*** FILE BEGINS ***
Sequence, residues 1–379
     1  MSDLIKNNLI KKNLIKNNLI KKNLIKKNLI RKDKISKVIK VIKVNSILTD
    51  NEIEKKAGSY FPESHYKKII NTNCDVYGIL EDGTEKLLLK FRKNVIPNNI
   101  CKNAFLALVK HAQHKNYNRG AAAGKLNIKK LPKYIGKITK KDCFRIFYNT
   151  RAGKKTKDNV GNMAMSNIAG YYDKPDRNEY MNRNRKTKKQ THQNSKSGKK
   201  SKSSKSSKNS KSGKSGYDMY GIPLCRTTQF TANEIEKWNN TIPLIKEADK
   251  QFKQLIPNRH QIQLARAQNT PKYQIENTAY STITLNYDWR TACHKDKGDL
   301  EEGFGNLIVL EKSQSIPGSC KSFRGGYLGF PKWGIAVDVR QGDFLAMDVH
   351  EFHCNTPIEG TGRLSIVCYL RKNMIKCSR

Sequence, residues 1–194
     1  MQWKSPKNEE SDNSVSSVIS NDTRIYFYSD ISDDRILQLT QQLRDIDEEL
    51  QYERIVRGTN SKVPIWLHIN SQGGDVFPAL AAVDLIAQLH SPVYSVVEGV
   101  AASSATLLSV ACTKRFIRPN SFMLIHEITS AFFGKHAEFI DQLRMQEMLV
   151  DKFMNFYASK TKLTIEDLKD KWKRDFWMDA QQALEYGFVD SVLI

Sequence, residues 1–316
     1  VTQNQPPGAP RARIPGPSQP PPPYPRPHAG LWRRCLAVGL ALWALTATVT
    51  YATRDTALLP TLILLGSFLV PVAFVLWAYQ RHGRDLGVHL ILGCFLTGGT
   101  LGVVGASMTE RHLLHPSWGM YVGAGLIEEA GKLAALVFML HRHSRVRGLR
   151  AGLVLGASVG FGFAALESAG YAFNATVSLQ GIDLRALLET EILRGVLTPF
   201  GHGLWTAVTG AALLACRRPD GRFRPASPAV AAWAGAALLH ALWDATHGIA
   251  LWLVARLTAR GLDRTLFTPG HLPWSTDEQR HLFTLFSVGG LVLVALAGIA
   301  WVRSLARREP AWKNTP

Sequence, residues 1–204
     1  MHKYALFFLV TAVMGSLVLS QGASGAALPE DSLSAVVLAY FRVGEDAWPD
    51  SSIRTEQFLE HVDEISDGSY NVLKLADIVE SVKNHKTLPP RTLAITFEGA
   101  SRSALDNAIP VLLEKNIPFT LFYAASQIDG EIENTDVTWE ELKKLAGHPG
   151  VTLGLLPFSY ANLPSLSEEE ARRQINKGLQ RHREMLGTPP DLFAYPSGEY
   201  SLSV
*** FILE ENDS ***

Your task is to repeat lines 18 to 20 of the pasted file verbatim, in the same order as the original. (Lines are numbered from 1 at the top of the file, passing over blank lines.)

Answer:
   101  LGVVGASMTE RHLLHPSWGM YVGAGLIEEA GKLAALVFML HRHSRVRGLR
   151  AGLVLGASVG FGFAALESAG YAFNATVSLQ GIDLRALLET EILRGVLTPF
   201  GHGLWTAVTG AALLACRRPD GRFRPASPAV AAWAGAALLH ALWDATHGIA